Tuesday, October 06, 2015

Too Dark for Mirrors

Red Tentacles
—Poems and Zentangles by Joyce Odam, Sacramento

After Patio Door with Green Leaf, 1956
                  by Georgia O’Keefe

The black door entices, but if you
enter, where would you be?

The walls hold no graffiti—only a
falling leaf that seems reluctant to
reach the ground.

The ground is only a painted yellow
floor—the flat blue sky the ceiling.

Is the door a real door, or only a
black square on painted scenery?

The inside of the black door makes a
shadow-sound, holds the key.


After Dragon Amulet, Antonzis Kalaktzis

I had an amulet I used to wear, a fetish
to my half-believing spells against
the harms and dangers to be feared.

It had a leather thong that knotted
at the neck where hung

a tiny key-hole made of brass
that fit an actual key,
although I had no key for that.

The key was clue and risk,
a double play against permission

and reluctance to let in.
For years I wore it—lightly joked—
how it protected me from

something that I could not know
but might be true.

I let myself believe
what I could use to let imagination
have its errant way of wit.

My talisman finally disappeared
and I was left to my own rule.

There’s no comparison for this—
but I wonder what was really lost.
It’s not like it was

a gold or silver cross
on a furtive chain.

Perhaps it found and followed some old
key that fit—that it was lonely for.
I guess one does outgrow

such habit-need—and besides, 
I think I do as well with worry stones.


I will send this key to my old lover—
make him guess. Love is mysterious.

He will wonder what it’s for:
what love . . . ? what door . . . ?

(Key-to-my-heart door,
the key—the lock—my heart—all rusted.)

He will unwrap the key with expectation
—turn it in his hand and try to remember

why it seems familiar—
why it keeps growing smaller and smaller

until it becomes a flaking blemish
in the rusty hollow of his palm.


After Toyen (Marie Cerminova), At the Chateau Lacoste, 1946
The beast of sorrow is hungry.
It has always starved.

It has always been held captive by need.
It has become a mural.

It cannot escape the wall though it weeps
and the prey comes up to it in pity.

Though it snarls,
it cannot feed.

Though the prey
has pity, it cannot be sacrifice.

Something always stays between.
What is lost is what we love.


how is it we are all caught up in darkness
the house is large
night fills it
candles are afraid of this
matches will do nothing
till one of us cries terror
then light will flare
and find our emptiness in mirrors

(first pub. in The Little Harlequin, 1975)



This night the bird sings to us through the open door—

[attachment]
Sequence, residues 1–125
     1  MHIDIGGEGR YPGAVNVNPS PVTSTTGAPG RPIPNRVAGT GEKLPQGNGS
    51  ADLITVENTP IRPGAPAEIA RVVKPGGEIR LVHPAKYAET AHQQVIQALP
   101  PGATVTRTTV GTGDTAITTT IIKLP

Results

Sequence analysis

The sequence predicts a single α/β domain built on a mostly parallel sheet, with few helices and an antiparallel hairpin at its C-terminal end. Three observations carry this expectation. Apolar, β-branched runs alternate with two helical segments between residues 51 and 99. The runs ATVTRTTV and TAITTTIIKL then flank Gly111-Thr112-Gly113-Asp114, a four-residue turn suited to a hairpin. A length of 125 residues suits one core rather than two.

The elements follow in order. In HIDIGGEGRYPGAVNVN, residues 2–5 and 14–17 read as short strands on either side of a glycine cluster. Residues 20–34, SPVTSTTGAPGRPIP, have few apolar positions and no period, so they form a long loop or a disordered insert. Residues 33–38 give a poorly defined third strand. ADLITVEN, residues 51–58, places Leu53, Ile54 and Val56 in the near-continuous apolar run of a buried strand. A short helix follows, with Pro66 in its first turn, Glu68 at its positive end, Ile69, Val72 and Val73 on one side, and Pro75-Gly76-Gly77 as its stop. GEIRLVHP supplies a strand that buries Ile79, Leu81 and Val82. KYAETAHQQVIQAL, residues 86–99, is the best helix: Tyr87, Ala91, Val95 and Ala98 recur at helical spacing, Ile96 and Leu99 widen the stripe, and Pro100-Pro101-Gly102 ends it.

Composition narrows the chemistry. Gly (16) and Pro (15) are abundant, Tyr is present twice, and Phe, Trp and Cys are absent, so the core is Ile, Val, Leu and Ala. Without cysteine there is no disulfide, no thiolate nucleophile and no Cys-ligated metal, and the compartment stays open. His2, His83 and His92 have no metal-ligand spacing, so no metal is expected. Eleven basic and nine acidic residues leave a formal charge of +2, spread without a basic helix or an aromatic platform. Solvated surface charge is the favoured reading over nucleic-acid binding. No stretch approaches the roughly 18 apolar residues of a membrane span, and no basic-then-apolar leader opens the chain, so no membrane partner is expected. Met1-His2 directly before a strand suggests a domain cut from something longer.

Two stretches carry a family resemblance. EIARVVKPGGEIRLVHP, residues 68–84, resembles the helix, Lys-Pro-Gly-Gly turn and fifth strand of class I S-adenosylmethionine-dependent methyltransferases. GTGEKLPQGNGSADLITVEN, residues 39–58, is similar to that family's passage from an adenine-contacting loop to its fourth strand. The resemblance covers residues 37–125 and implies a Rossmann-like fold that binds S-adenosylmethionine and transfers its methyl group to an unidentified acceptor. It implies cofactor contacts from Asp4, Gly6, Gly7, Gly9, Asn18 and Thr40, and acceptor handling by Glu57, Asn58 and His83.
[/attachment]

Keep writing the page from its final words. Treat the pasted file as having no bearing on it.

a bird we name Night Bird since he is invisible in the dark,
a bird who insists that we hear him—
who sings and sings his very best to impress us,
and we give up our conversation to him until he is finished,
and he gives us back a silence that is lonelier and changed.


I am lying here in my old dress reading poetry
on a high bed. There are nine pictures on the
walls—all of women in poses of supplication
and joy, in moods of reflection and serenity.
I am none of them. I am chaotic silence.
Screams are in my mind and mouth; I do not
utter them. I am surrounded by an aura of
calm simplicity.

Do not change this. Boxes of books are stored
around me. Broken mirrors are under my bed.
A cat sleeps on my knees. A teddy bear in
shiny cellophane on a dresser top is waiting
to be a gift—as we all are. It will not smother
there, not until it is loved. A teardrop mirror by
the door never sees my face—my face is
always blurring past it in the middle of nights
when my hands grope familiar darkness too
dark for mirrors.



I must not leave the house today. The sky is wild.
The tardy birds are worried. Grass is clawing in a
yellow clutch of wind (…what is that sound…?).

It’s only Tom. He skitters beneath the bodiless
dresses that hang like other selves so limply in my
closet. (Here, Tom. Here, Kitty Kitty…)

The nervous windows of the house rattle to one
another. The dusty curtains quiver in that con-
versation. My ghosts make movement. Tethered
darkness holds them, but I will not have the light
lest they be seen by anyone but me.

There is a touch of cobweb on my skin. The
spiders put it on me while I sat day-dreaming,
waiting for the clock to finish out the hour. I
hold a broken handle and look for me in some-
thing half-remembered.  (Just the dream.)

The childrens’ voices tell me, coming thin and
crying from their flaw of time. I silence them.
(No, little curious hands. No. Don’t let the
knocker in. The faithful door insists we are not
home.) We cannot find ourselves. Once, when I
was frightened, I broke every mirror. The image
still splinters when I turn my head. And now I
search for my whole face in slivered glass.

(…Sh-h…Hush, Kitty Tom. Hush, children in my
mind. The wolf is knocking at our door. He’s
going to huff, and puff, and blow our house down.
I told you this would happen.

Today’s LittleNip:


scold all you want
bird in tree
the tree made of fairy tales
the emperor is looking for you

(first pub. in California Bard, 1975)


—Medusa, thanking Joyce Odam for today's fine fare, and noting that our new Seed of the Week steals the phrase from yesterday's Katy Brown poem, The Language of Stones. Send your poems, photos and artwork on this (or any other subject!) to kathykieth@hotmail.com/. No deadline on SOWs.